Angie Turner King

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Angie Turner King
Photo of Angie Turner King.jpg
Angie Lena Turner

(1905-12-09)December 9, 1905
DiedFebruary 28, 2004(2004-02-28) (aged 98)
Alma mater
Scientific career
  • Chemistry
  • Mathematics
Notable students

Angie Lena Turner King ( December 9, 1905 – February 28, 2004)[1] was one of the first African-American women to gain degrees in chemistry and mathematics, and a PhD in mathematics education. She was a major influence on her students, including Margaret Strickland Collins and Katherine Goble Johnson.[2]

Early life and education[edit]

Angie Lena (née Turner) King was born in 1905 in Elkhorn, West Virginia, a segregated coal mining community.[2][1] She was the grandchild of slaves, living for a time with her grandmother after her mother died when King was eight,[2] and her father died in a coal mining accident.[1] She recalled sleeping in a cabin, where "in the winter time, when it would snow, I'd wake up with snow on my bed", and her lighter-skinned grandmother calling her "the black bitch": "I had it tough but it hasn't bothered my mind".[2] Later, she lived with her grandfather, and was then able to attend school.[1]

She had good grades, graduating from high school at 14 (in 1919), but was unaware that scholarships to college were a possibility.[2] King began teaching training at Bluefield Colored Institute (now Bluefield State College), transferring to West Virginia State College. She paid her way through school waiting tables and washing dishes.[2] She was awarded a Bachelor of Science, summa cum laude, in mathematics and chemistry in 1927, with a thesis reporting on her studies on solutions of tannic acid and hydrous ferric oxide.[2][1]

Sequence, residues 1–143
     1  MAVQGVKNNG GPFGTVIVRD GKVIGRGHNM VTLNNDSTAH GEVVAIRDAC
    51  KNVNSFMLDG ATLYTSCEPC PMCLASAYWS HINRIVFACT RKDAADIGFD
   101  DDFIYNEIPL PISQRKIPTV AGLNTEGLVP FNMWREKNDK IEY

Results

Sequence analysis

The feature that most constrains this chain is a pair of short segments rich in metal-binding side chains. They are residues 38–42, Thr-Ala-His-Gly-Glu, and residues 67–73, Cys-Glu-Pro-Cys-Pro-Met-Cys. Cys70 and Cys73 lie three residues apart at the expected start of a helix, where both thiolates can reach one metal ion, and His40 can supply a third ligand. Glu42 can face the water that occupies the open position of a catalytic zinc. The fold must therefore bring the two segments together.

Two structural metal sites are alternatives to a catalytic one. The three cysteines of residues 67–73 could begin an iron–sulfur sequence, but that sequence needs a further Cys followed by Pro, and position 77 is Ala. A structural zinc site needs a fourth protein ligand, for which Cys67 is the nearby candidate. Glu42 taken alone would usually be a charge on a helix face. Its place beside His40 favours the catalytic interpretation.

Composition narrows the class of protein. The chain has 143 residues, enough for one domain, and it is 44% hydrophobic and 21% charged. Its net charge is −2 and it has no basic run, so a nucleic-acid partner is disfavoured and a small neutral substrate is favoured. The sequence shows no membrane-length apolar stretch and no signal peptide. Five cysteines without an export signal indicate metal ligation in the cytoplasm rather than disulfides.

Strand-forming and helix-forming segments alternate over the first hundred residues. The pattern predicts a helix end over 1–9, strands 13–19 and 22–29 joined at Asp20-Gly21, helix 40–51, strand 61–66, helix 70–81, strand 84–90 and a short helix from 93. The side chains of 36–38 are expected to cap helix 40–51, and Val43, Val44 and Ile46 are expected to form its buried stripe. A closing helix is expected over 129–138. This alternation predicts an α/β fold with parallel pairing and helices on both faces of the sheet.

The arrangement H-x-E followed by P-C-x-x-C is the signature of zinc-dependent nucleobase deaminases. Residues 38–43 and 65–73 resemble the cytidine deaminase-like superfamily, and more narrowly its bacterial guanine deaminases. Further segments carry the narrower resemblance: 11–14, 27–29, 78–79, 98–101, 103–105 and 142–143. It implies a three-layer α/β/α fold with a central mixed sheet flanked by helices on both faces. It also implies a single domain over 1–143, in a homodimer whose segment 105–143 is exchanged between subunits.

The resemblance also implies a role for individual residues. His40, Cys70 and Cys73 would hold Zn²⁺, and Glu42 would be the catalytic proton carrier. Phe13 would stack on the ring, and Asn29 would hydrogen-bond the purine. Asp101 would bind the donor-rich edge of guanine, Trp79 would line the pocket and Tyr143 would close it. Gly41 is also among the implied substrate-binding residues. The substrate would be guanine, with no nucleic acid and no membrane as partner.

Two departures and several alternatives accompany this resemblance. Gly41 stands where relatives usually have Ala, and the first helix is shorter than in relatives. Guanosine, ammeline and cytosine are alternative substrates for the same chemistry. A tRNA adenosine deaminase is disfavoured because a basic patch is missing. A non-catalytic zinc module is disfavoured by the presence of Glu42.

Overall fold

King began teaching at the laboratory high school of West Virginia State College (WVSC), studying at Cornell University in the summer. She was awarded a master's degree in chemistry and mathematics in 1931.[2] She gained a teaching position at WVSC, and attended the University of Pittsburgh for her doctoral work. Her PhD was awarded in 1955 and reported in the local news,[3] with a dissertation was an analysis of algebra in school textbooks before 1900.[4] Her master's thesis and dissertation were her only publications.[2]

In World War II, in response to a concern that the war would result in a shortage of college graduates needed as military officers after the war, a military training program called the Army Specialized Training Program (ASTP) was established.[5] The ASTP was segregated, and WVSC was one of six black colleges awarded ASTP units, and King taught chemistry in the program.[5]

King's career was distinguished by her mentoring and teaching, with a legacy of many students going on to post-graduate studies, including Katherine Johnson, one of the scientists featured in Hidden Figures.[2] Johnson singled her out as a major influence, saying King was "a wonderful teacher – bright, caring, and very rigorous".[6] In a questionnaire to former West Virginia State students, 27 of 72 respondents nominated King as their favorite teacher, and most of them had gone on to postgraduate education.[2] King received the West Virginia State College Alumnus of the Year in 1954.[1]

Personal life[edit]

King married Robert Elemore King in 1946, and they had five daughters.[1] King lived on the WVSC campus until her death in 2004.[7]


There are photos of Angie Turner King in The Pittsburgh Courier,[3] and the West Virginia State College Archives.[2]


  1. ^ a b c d e f g Brown, Jeannette E. (2012). African American women chemists. New York: Oxford University Press. pp. 27–29. ISBN 019974288X. Retrieved February 18, 2017.
  2. ^ a b c d e f g h i j k l Warren, Wini (1999). Black women scientists in the United States. Bloomington, Ind. [u.a.]: Indiana University Press. pp. 148–150. ISBN 0253336031.
  3. ^ a b "Ph. D. Degree to Mrs. King". The Pittsburgh Courier. February 12, 1955. Retrieved February 18, 2017.
  4. ^ King, Angie Turner (1955). An analysis of early algebra textbooks used in the American secondary schools before 1900. University of Pittsburgh. Retrieved April 21, 2017.
  5. ^ a b Keefer, Louis E. (1994). "On the Homefront in World War II: Soldier-Scholars at West Virginia State College". West Virginia History. 53: 119–132. Retrieved February 18, 2017.
  6. ^ Warren, Wini (1999). Black women scientists in the United States. Bloomington, Ind. [u.a.]: Indiana University Press. p. 141. ISBN 0253336031.
  7. ^ Collins, Sibrina. "King, Angie Lena Turner (1905–2004)". Retrieved February 18, 2017.